April 19, 2024
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April 19, 2024
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Letter From Bergen Yeshiva Heads Regarding 2023 Winter Break

We write this letter to help our community understand the background behind the timing of winter break for the upcoming school year (2022-2023).

Mission-aligned values are at the core of communal decisions we make in all our schools. We would like to share some of the values that highlight our view on this topic.

We believe in the power of an achdut-oriented, unified, community-based approach. We are all working towards the same goal for our families and our community, and as such, look to collaborate and work together whenever possible. We also recognize that there is, at times, tension between a school’s individual needs and the community’s needs. We expend significant energies to pursue, balance and negotiate both of these goals as often as possible for the sake of the larger community.

We believe that the stress for frum families of balancing life, work, parenting and other important goals, while continuing to strive to be ovdei Hashem, is a challenge for all our families. Working to alleviate some of these stresses, whether those differences are big or small, is something we strive to do when able.

For the past five years we have been working on a project to always have Yeshiva Break overlap with Martin Luther King Jr. Day. MLK Day is on the third Monday in January. Historically Yeshiva Break has started on the Thursday of the third week of January. This means that in many years, Yeshiva Break would start three days after MLK day. MLK day is a federal holiday and in recent years the number of workers who have off on this day has risen significantly. In 2019, a survey by Bloomberg Law showed that 45% of employers give all or most employees a day off for MLK day. That number has doubled since 1990 and the trend numbers are expected to continue and grow.

Many of our families use most of their days off from work for Yamim Tovim throughout the year. The large number of parents that have a day off for MLK Day and then need to stay home just three days later in order to be off with their children was a significant factor in our decision to pursue this small calendar change.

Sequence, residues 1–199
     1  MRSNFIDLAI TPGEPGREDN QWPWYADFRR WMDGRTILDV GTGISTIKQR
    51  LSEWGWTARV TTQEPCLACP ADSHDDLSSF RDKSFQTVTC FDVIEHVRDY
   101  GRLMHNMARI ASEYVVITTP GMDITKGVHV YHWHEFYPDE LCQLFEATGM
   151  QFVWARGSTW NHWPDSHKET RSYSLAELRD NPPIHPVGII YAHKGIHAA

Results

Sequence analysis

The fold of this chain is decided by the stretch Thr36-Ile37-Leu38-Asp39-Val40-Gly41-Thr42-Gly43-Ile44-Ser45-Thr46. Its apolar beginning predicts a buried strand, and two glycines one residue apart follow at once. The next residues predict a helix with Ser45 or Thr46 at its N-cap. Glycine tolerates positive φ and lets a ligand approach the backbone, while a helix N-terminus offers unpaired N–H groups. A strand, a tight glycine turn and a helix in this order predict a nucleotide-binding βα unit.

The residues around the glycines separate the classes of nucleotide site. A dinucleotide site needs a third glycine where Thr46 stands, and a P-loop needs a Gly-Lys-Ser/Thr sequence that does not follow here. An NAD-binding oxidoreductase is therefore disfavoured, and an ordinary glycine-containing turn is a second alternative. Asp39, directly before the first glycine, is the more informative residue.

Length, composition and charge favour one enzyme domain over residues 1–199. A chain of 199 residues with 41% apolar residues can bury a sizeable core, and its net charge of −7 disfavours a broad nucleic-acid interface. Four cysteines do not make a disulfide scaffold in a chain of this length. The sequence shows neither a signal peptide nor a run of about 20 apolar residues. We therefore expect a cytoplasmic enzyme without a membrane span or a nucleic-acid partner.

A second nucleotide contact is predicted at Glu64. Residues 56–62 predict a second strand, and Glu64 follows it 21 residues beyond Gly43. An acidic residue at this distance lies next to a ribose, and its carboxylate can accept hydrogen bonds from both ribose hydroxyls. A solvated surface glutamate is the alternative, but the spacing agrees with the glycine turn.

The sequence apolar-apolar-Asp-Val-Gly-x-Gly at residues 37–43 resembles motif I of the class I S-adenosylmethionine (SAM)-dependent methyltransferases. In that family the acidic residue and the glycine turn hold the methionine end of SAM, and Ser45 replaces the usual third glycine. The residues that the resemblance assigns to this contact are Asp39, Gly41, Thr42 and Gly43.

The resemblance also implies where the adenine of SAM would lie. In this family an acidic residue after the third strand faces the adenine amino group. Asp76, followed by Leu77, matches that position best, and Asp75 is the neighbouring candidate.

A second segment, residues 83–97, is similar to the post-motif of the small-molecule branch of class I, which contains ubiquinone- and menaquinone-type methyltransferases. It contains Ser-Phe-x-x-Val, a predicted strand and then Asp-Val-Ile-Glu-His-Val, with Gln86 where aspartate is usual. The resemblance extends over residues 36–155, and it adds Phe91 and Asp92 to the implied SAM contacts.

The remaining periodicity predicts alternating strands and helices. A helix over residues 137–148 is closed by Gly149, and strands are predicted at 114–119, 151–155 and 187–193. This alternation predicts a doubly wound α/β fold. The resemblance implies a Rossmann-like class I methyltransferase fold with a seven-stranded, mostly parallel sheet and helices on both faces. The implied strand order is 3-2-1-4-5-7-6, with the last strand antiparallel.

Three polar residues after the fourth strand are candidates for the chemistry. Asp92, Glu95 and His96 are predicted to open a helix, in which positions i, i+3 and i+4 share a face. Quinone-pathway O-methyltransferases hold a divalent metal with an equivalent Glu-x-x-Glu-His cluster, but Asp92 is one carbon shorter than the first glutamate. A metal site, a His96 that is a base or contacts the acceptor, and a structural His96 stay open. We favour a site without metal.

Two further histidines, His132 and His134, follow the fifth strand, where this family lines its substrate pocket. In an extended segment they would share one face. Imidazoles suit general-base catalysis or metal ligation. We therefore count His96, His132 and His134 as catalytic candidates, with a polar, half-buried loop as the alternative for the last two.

In addition, the change generally aligns better with Yeshiva University and Touro University, facilitating for entire families with children of varying ages the ability to spend quality time together, and further aligning us with these institutions of significant importance to our community.

We believed that this change would help many of our families and further our goal of working to help our school communities.

The reason this change took five years was because we wanted the decision to be broad based and inclusive. We reached out to the Jewish Education Project (formerly known at the BJE) as they set a proposed calendar for yeshiva day schools every year. We then reached out to tens of schools to explain our rationale. These calls were overwhelmingly positively received. The JEP then held a vote on this question and the determination was made 14 months ago, in January of 2021, to change Yeshiva Break so that it always overlaps with MLK Day. The decision was made at the time that the change would be effective starting yeshiva break of 2023 so that there would be plenty of time before the change was to take place.

At this point in time, the vast majority of schools in our orbit in the greater New York/New Jersey area planned to accept this voted-upon change.

We recently learned that a large school in New York made the decision to not follow the new calendar. This posed a dilemma for other schools on Long Island and Queens who have overlapping families, forcing them to begrudgingly change their calendars as well so that the schools in that area would be in alignment. The result of this domino effect is that in the course of a few weeks, the work that had been done in the last five years was largely erased in many communities, catching communities such as ours by surprise, as we had no idea that changes were being contemplated before they were decided and finalized.

At this point in time we have already published our calendars for this coming year and families have made plans based on that calendar. We will maintain the published calendars for this coming year, following the communal vote that was taken by yeshiva day schools affiliated with the JEP. We hope to engage in a larger conversation in the coming months about this topic and its implications for future years.

Ben Porat Yosef, Rabbi Saul Zucker
RYNJ, Rabbi Daniel Price
Tenafly Chabad Academy, Orite Rubenstein
The Moriah School, Rabbi Daniel Alter
Yavneh Academy, Rabbi Jonathan Knapp
Yeshivat He’Atid, Rabbi Tomer Ronen
Yeshivat Noam, Rabbi Chaim Hagler
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